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IN THE UNITED STATES COURT OF APPEALS
FOR THE FIFTH CIRCUIT
No. 13-20411
Summary Calendar
RAWAN RIAD ALASWAD; MOHAMMED BEN...
No. 13-20411
The district court granted summary judgment against them, and they now
appeal. Because substantial evidence s...
No. 13-20411
that [Bennani] . . . entered into a marriage of convenience with [Ford] for the
sole purpose of evading immig...
No. 13-20411
STANDARD OF REVIEW
We review a grant of summary judgment de novo, applying the same
standard as the district ...
No. 13-20411
laws, or (2) the Attorney General has determined that the alien
has attempted or conspired to enter into a ma...
No. 13-20411
this Court to reweigh the evidence considered by the BIA. We refuse to do so
in light of the substantial evid...
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Rawan Alaswad, et al v. Jeh Johnson, et al, No. 13 20411 (5th Cir. 2014) INA 204(c) sham marriage bar applies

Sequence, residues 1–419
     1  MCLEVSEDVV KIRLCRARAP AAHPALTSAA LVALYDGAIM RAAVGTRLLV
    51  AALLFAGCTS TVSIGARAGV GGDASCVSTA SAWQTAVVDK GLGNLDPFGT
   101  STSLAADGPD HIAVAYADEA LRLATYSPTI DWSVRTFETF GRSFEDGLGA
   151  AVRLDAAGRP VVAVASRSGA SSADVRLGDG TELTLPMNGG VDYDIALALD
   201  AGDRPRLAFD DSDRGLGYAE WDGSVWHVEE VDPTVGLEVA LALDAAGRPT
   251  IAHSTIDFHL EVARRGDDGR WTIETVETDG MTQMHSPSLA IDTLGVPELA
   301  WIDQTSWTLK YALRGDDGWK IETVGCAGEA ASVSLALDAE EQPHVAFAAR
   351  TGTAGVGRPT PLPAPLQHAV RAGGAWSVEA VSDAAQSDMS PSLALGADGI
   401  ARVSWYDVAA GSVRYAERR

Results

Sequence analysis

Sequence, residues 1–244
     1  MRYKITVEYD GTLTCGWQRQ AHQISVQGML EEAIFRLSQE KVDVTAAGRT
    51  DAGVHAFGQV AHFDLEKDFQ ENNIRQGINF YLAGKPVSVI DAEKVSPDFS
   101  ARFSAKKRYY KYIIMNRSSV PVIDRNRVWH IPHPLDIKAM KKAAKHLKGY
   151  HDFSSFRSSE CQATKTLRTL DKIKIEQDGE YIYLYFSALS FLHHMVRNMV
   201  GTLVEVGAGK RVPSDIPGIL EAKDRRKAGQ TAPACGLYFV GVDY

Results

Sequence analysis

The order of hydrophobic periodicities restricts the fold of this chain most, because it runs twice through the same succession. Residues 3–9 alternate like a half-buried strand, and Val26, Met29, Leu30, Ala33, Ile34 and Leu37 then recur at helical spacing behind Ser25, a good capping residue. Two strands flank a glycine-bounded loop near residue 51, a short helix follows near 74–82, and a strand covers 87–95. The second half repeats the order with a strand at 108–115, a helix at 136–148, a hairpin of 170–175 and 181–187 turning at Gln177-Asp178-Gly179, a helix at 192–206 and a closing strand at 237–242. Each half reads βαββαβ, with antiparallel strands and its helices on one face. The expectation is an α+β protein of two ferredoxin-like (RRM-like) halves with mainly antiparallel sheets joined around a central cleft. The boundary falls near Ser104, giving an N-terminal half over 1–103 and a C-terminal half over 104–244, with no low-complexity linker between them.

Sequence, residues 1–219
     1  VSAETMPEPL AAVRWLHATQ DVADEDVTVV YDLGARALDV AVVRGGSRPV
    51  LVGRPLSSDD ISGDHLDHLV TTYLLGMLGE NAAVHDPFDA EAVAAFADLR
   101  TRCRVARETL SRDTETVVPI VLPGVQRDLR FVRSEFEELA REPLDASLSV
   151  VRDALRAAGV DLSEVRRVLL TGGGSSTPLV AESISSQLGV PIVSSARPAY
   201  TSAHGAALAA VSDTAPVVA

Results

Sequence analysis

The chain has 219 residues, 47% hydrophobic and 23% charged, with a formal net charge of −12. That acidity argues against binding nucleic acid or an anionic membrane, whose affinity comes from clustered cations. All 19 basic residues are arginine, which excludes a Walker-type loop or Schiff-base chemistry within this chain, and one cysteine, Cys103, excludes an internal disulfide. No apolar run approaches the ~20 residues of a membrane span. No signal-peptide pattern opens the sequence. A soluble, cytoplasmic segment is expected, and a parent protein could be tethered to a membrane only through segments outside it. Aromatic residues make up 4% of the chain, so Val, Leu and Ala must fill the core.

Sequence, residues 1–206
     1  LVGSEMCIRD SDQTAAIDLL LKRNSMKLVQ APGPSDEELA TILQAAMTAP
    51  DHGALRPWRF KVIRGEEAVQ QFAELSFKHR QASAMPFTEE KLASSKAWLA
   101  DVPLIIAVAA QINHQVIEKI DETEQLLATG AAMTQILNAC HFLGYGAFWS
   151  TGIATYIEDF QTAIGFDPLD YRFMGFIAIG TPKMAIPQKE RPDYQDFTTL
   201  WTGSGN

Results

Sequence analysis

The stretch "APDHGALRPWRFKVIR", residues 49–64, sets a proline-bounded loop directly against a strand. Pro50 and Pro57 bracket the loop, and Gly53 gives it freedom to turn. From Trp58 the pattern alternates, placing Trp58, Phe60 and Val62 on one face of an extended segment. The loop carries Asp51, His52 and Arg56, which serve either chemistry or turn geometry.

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His prior marriage was a sham. That means that no petition of any kind may be granted for him, ever, no way, no how.

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Rawan Alaswad, et al v. Jeh Johnson, et al, No. 13 20411 (5th Cir. 2014) INA 204(c) sham marriage bar applies

  1. 1. IN THE UNITED STATES COURT OF APPEALS FOR THE FIFTH CIRCUIT No. 13-20411 Summary Calendar RAWAN RIAD ALASWAD; MOHAMMED BENNANI, Plaintiffs – Appellants v. JEH CHARLES JOHNSON, SECRETARY, DEPARTMENT OF HOMELAND SECURITY; ERIC H. HOLDER, JR., U. S. ATTORNEY GENERAL; FIELD OFFICE DIRECTOR, Dallas Office, U.S. Citizenship and Immigration Services, Defendants – Appellees Appeal from the United States District Court for the Southern District of Texas USDC No. 4:12-CV-636 Before DAVIS, SOUTHWICK, and HIGGINSON, Circuit Judges. PER CURIAM:* Mohammed Bennani and Rawan Riad Alaswad challenged the Board of Immigration Appeal’s (“BIA”) denial of their petitions to adjust Bennani’s status in the United States District Court for the Southern District of Texas. * Pursuant to 5TH CIR. R. 47.5, the court has determined that this opinion should not be published and is not precedent except under the limited circumstances set forth in 5TH CIR. R. 47.5.4. United States Court of Appeals Fifth Circuit FILED July 3, 2014 Lyle W. Cayce Clerk Case: 13-20411 Document: 00512686309 Page: 1 Date Filed: 07/03/2014